Cape Town - You can safely tick that last box now.

The return to the cusp of his A-game - at a perfect bend in the road - of captain Siya Kolisi in the openside flank berth means the Springboks can boast a pack now firing consummately on all cylinders.

It is a unit which, if studied in isolation, gives Rassie Erasmus's charges a very tantalising chance indeed of dominating proceedings sufficiently for some 160 further minutes at the World Cup to lift the Webb Ellis Cup for the first time since 2007, and third time overall.

The unapologetically conservative nature of the Bok game-plan - characterised by Faf de Klerk’s much-debated, near-constant monopoly of the tactical play with his box kicks - is unlikely to change profoundly for either Sunday's semi-final against Wales at Yokohama (11:00 SA time) or onward to a possible final against either of New Zealand or England.

It is an acknowledgement, in many respects, of the Springboks’ inherent comfort with letting their foes have the ball to a generous extent and coaxing them to run it back to them, relying on their increasingly leakproof, supremely aggressive defensive systems to force them into demoralising (and just as often bruise-inflicting) cul-de-sacs.

The Boks’ eager physicality across the park - but especially apparent among their brawny, well-conditioned forwards - comes into the picture to an increasing extent in that scenario, with any opportunities for set-piece dominance only adding to the intended slow poison.

Under Erasmus’s tutelage, almost all of the Bok players have become effective at both quickly identifying and then executing turnovers, but Kolisi, in his mainline position in that regard, recapturing his premier open-play vitality in time for the knockout rounds amounts to a bit of a cherry on top.

He has now had two suitably strong showings as a Bok starter in the space of 12 days, considering that he was one of only two current “first-teamers” - the other Damian de Allende - to also have had a full outing against minnows Canada (the 66-7 victory to close the pool phase) ahead of Sunday’s safely negotiated quarter-final against Japan.

Indeed, Kolisi has begun three games in 16 days if you add in the earlier Italy match (49-3) where Erasmus fielded his premier troops.

If that seems reasonably demanding, it needs to be seen in the context of the popular 28-year-old’s previously quite painstaking - you could even venture precarious? - comeback from a knee injury.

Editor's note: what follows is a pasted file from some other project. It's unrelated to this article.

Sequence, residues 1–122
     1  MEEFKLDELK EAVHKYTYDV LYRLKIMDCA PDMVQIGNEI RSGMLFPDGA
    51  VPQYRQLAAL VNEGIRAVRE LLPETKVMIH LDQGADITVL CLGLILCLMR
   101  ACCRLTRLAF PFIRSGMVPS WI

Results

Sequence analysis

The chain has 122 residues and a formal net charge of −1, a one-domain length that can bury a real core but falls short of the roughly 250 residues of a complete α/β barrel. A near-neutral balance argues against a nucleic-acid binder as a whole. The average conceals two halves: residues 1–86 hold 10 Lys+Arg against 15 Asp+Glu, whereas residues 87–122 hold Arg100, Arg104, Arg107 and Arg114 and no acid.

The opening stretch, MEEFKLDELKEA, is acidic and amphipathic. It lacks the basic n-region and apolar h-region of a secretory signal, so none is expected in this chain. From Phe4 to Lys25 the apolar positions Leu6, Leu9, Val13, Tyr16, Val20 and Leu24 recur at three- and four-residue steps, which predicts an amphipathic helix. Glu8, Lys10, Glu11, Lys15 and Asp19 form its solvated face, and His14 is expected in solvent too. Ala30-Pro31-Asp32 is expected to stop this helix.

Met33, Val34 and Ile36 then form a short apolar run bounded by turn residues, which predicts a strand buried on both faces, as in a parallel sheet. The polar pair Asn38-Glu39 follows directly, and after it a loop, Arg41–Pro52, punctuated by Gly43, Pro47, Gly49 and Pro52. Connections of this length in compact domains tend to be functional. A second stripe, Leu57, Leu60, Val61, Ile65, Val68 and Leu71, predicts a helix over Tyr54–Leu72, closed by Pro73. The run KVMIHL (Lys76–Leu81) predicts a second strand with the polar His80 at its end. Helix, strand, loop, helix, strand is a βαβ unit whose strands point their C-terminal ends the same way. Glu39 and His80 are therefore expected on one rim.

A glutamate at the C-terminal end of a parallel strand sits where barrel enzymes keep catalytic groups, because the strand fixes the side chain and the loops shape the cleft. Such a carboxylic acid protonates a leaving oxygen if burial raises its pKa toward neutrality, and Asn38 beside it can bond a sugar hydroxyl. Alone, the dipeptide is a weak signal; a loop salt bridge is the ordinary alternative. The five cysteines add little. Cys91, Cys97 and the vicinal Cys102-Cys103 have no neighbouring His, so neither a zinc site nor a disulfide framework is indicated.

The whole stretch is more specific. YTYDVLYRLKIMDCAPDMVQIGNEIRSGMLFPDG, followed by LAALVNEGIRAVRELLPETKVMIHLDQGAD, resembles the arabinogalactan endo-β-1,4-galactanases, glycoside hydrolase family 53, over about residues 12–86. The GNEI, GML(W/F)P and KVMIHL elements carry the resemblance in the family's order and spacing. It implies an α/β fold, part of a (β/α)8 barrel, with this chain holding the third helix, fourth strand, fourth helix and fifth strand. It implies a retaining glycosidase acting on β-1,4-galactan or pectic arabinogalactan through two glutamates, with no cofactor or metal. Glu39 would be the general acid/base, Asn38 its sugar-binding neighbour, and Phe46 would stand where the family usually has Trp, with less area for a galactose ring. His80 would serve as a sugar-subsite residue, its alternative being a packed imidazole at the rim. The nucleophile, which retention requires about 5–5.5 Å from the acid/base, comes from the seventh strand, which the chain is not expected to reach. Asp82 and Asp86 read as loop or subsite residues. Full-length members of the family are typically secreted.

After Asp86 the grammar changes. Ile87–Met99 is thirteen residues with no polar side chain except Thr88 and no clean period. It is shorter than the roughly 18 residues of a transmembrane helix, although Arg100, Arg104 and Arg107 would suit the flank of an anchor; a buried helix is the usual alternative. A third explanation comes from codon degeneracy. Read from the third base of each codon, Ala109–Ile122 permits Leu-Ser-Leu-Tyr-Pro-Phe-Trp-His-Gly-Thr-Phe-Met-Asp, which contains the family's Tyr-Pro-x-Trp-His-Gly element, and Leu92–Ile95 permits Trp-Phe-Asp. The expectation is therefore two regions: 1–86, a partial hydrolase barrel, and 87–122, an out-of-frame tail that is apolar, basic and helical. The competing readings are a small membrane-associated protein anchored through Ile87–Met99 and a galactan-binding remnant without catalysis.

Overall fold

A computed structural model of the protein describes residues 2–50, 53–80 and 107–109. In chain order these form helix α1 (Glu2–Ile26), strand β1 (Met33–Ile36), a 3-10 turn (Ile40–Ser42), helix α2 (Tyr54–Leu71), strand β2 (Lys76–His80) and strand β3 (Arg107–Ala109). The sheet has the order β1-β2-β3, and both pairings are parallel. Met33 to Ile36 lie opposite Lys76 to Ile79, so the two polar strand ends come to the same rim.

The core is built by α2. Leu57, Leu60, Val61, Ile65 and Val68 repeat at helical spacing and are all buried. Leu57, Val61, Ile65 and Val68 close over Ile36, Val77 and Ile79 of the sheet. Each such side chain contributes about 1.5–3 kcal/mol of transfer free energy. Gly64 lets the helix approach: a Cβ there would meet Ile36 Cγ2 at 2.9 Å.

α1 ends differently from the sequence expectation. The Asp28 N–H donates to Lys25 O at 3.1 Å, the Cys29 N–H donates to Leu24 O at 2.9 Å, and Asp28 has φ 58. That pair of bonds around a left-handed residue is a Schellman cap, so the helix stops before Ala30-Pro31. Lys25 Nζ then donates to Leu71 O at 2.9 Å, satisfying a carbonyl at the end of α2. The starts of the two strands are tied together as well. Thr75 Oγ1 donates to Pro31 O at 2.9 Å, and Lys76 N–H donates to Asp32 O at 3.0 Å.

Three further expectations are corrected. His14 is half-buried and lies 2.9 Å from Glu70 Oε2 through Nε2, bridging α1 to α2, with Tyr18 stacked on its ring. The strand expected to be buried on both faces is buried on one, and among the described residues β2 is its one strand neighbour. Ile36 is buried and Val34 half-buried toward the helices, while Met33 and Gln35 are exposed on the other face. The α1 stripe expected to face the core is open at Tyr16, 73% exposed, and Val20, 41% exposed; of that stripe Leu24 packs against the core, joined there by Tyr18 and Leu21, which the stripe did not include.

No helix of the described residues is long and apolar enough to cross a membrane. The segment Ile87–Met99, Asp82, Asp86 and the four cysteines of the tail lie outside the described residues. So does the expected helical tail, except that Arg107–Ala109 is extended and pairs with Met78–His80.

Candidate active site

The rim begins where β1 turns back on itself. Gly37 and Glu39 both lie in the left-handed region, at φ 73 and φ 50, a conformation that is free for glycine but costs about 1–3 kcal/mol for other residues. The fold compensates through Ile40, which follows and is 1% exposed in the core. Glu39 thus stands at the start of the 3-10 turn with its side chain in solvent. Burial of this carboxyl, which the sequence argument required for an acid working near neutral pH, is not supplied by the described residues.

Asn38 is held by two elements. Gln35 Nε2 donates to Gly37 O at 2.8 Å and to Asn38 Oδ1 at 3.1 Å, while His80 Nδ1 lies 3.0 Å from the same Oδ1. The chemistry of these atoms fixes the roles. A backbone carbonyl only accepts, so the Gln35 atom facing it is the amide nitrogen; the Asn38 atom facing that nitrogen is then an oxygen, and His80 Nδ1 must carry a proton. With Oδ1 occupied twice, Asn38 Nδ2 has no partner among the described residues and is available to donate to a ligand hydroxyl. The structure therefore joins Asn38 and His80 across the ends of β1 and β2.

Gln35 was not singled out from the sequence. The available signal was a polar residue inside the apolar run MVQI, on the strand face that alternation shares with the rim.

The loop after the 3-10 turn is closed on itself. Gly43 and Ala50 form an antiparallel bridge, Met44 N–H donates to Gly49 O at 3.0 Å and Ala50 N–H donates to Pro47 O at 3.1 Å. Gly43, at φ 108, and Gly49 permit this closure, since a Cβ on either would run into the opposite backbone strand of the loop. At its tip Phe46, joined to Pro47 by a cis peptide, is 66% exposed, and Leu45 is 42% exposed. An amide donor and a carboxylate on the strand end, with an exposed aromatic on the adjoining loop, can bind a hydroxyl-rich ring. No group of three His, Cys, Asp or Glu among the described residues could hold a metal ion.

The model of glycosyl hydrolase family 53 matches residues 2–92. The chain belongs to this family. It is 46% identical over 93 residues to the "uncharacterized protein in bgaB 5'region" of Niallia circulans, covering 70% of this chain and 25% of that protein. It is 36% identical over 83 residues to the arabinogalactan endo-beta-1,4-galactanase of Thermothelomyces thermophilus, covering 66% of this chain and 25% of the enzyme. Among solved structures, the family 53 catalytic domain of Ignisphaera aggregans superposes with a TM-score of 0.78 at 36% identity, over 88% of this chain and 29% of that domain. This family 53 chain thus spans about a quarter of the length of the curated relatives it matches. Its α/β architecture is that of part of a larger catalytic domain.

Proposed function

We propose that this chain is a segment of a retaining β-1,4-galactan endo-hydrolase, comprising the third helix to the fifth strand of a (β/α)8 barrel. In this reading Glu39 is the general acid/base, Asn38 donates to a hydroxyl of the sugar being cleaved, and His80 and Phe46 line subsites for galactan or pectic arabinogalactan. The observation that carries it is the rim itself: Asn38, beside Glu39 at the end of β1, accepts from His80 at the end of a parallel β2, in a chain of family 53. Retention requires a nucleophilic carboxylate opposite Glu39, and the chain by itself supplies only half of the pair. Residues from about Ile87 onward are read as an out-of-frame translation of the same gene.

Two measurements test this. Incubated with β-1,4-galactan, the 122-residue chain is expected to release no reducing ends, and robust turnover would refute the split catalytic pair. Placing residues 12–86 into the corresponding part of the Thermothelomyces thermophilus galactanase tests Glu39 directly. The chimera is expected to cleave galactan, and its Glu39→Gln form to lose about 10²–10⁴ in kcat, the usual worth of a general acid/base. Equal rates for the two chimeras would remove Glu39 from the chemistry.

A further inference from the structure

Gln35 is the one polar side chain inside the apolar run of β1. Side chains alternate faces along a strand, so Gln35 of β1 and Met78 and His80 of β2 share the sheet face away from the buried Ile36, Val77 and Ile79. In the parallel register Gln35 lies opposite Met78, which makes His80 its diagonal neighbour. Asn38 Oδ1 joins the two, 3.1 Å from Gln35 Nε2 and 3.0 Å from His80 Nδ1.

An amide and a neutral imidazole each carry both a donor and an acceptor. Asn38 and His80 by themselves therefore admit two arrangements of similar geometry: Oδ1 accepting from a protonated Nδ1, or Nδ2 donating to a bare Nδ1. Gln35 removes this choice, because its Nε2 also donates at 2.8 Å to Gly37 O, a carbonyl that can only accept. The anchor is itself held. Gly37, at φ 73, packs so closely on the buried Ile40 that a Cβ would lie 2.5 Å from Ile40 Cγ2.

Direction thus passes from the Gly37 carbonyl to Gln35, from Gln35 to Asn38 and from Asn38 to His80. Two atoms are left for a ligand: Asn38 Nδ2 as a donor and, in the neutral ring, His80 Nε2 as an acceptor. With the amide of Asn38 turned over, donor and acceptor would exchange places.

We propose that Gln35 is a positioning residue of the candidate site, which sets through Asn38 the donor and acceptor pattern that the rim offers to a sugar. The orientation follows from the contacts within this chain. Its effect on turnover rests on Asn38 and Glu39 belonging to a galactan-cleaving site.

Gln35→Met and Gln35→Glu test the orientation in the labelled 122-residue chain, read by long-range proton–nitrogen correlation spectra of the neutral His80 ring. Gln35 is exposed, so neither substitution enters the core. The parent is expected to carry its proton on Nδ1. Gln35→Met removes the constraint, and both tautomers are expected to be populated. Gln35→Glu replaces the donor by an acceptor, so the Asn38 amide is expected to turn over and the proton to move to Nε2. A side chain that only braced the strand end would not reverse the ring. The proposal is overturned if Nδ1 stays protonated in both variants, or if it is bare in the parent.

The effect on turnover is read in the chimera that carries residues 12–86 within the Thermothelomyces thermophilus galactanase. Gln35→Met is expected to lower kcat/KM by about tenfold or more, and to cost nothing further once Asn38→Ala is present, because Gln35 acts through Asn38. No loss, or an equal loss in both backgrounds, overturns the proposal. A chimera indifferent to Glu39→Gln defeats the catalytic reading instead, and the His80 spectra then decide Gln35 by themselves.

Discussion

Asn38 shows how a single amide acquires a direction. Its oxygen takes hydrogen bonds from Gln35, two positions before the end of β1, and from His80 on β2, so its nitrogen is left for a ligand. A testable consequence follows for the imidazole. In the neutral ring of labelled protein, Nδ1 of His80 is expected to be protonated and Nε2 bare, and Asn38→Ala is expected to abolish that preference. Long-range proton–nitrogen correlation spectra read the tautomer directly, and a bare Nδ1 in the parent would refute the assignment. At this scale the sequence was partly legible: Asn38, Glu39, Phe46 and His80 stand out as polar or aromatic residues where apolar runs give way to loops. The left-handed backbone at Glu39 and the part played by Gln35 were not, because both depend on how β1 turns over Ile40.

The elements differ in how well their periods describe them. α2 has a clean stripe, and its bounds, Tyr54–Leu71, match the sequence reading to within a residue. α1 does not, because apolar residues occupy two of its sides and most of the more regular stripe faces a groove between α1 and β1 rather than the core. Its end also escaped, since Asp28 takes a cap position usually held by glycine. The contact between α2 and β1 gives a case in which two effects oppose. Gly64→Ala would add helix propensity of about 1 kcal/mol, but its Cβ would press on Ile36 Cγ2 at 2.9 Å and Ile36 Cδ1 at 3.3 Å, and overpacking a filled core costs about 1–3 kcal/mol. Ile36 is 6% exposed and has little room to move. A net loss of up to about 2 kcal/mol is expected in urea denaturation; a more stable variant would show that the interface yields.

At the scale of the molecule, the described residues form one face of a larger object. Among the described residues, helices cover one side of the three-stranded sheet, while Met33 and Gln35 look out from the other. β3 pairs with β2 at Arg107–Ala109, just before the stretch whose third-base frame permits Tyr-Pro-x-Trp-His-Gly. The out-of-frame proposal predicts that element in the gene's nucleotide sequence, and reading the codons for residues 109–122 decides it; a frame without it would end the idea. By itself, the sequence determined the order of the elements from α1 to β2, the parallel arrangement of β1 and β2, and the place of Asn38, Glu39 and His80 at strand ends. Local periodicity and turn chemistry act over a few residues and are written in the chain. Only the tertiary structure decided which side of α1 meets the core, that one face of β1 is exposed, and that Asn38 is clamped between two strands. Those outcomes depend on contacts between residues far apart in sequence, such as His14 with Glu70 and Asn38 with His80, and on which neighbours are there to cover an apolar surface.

It took the skipper some time to rekindle confidence and become noticeably assertive in the early weeks of his international-level restoration; he was strictly moderate by his normally effervescent standards against all of Japan (immediately pre-World Cup, in Saitama), New Zealand and then the Italians.

But his cranked-up volume of game-time has seemingly reaped solid benefits more recently, and it culminated in Kolisi arguably being among the top two Bok pack members - alongside lock Lood de Jager, on my Bok ratings - against the Brave Blossoms.

He had a tackle count in double figures, looked more mobile and stamina-laden than at any prior point in the tournament, and his leg drive was becoming more influential again, into the bargain.

Although some eyebrows were raised when Kolisi was the player to be sacrificed for a few minutes during Tendai Mtawarira’s spell in the sin bin for a spear tackle, it allowed him to end the match with good reserves of energy and the move may also not have been unrelated to awareness of his considerable match time already in the lead-up to the last-eight stage.

Kolisi’s increased level of yeoman graft at close quarters just needs to be accompanied now by some of those trademark, deceptively nippy raids or link-ups in wide positions for realisation that the Zwide-born competitor is back as a “complete” loose forward factor at the perfect time.

Remember also that the Boks have a guaranteed two further matches at RWC 2019 from here, so the second - whether the final or bronze playoff - would fittingly signal his 50th Test cap.

Those planets are realigning nicely for Siyamthanda Kolisi to become a hugely poignant figure on South Africa’s sporting tapestry.

*Follow our chief writer on Twitter: @RobHouwing